ANCHORAGE, Alaska (Reuters) – Baseball fans in Alaska were fuming after a traditional midnight game, held every year without lights during the twilight hours of the summer solstice, was postponed because a visiting California team complained it was too dark.
Umpires officiating the Alaska Baseball League amateur game suspended play with the score tied 1-1 in the 10th inning at about 1:30 am on Wednesday, roughly three hours after the matchup started.
The contest between the home-team Goldpanners of Fairbanks, Alaska, and the Waves of Oceanside, California, resumed on Wednesday evening, and the Goldpanners ultimately won, 2-1.
The Midnight Sun Baseball Game has been played in Fairbanks each year since 1906 on the night of the summer solstice each June 21, when the glow from the years longest day allows the game to continue into the wee hours without artificial light.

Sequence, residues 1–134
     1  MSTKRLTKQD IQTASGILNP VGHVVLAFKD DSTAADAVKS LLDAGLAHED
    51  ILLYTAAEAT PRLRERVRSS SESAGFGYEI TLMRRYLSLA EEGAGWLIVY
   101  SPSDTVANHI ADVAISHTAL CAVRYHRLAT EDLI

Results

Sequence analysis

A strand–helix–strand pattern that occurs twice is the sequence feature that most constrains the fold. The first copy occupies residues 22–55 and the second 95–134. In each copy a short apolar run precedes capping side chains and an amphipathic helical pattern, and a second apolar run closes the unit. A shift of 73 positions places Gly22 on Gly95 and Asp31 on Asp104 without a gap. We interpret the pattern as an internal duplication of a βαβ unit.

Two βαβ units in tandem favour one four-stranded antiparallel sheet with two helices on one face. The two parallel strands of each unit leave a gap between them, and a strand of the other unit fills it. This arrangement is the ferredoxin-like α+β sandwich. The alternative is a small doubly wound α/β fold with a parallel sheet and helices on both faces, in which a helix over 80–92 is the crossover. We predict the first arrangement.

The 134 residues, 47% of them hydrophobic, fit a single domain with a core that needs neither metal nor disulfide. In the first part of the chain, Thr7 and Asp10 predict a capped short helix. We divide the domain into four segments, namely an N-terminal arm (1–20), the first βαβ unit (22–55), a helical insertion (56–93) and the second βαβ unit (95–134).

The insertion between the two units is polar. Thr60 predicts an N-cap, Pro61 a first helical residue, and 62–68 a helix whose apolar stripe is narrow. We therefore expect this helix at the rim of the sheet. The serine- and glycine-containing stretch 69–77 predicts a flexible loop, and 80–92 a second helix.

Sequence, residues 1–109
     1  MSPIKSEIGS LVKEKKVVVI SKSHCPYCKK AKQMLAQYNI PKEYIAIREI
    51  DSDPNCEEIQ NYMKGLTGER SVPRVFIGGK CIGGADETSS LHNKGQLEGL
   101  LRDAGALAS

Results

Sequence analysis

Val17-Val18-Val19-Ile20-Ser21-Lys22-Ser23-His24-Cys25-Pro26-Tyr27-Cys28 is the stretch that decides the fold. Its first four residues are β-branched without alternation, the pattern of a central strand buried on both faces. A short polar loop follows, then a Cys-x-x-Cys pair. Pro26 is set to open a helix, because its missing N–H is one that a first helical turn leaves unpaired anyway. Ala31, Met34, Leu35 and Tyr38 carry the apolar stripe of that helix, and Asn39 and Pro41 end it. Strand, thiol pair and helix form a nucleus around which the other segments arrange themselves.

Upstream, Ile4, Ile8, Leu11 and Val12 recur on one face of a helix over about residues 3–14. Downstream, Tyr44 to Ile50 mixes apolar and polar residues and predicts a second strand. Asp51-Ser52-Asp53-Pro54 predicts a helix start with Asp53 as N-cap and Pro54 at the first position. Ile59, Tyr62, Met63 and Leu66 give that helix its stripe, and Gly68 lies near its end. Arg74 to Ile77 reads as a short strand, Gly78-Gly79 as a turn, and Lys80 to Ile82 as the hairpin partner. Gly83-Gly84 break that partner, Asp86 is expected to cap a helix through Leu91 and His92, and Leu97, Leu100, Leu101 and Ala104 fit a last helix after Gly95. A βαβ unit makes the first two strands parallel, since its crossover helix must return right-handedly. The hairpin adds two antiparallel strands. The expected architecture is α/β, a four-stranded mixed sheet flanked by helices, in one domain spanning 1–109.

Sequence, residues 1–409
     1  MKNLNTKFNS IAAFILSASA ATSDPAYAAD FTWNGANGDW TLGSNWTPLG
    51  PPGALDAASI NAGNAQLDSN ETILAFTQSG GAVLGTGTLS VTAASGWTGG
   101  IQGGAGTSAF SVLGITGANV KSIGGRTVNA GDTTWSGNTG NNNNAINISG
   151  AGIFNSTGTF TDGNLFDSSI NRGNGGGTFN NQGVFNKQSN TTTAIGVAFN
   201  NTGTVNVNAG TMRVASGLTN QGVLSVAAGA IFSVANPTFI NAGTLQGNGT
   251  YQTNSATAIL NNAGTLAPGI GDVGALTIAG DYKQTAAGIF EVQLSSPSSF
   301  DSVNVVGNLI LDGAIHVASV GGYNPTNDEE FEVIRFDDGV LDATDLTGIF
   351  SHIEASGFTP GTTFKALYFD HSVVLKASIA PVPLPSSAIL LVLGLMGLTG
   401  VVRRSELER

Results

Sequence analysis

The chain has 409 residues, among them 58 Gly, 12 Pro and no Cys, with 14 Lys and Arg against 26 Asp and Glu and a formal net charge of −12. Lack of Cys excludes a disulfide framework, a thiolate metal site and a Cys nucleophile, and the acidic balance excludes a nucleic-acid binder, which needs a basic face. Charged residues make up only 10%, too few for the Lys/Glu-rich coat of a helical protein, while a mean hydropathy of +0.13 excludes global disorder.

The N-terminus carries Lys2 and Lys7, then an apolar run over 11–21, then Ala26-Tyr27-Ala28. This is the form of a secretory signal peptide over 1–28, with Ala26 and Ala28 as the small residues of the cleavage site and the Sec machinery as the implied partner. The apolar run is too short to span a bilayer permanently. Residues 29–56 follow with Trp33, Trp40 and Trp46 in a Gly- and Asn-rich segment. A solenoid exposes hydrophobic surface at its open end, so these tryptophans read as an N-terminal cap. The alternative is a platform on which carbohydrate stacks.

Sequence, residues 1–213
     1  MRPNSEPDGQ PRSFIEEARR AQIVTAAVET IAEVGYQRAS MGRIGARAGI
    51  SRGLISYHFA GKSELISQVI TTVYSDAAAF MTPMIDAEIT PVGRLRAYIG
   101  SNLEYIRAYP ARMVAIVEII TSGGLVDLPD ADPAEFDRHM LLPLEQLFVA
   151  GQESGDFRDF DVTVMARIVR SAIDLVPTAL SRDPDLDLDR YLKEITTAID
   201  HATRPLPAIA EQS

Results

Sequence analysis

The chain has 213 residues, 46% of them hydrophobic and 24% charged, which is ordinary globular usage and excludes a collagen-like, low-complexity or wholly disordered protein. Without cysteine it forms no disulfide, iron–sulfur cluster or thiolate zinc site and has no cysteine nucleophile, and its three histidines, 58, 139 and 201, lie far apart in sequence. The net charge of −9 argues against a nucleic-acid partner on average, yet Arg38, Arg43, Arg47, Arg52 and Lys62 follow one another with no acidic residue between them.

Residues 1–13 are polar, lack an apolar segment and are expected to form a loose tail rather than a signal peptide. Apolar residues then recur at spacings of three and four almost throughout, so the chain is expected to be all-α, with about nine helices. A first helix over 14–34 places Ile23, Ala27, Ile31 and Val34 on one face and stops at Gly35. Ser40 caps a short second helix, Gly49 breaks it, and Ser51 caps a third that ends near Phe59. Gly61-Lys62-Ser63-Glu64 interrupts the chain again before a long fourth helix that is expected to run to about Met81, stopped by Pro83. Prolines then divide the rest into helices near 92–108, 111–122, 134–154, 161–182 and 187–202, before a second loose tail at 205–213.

Fairbanks is slightly south of the Arctic Circle, so the sun does set briefly on the summer solstice. But even then, it dips just below the horizon, providing some light to see.
This year marked the first time in its history that the unilluminated night game had been postponed, though in 1984 a visiting team from Taiwan forfeited altogether when its players likewise complained of poor visibility, officials said.
This almost happens every year. The opposing team starts chirping about postponing the game due to darkness because theyre usually behind, said the Goldpanners assistant general manager, Todd Dennis.
The umpires should have simply ignored the California teams complaints, Dennis said.
Dennis conceded that rain and dark clouds on solstice night contributed to the decision to postpone the game.
Anchorage television station KTUU captured video from the game where an umpire said, We cant play in this light, its dangerous. The umpire also said the game had to be postponed for the health and safety of these guys.
The Alaska Baseball League is made up of college athletes who venture north to keep playing in the off-season.
(Editing by Alex Dobuzinskis and Steve Gorman)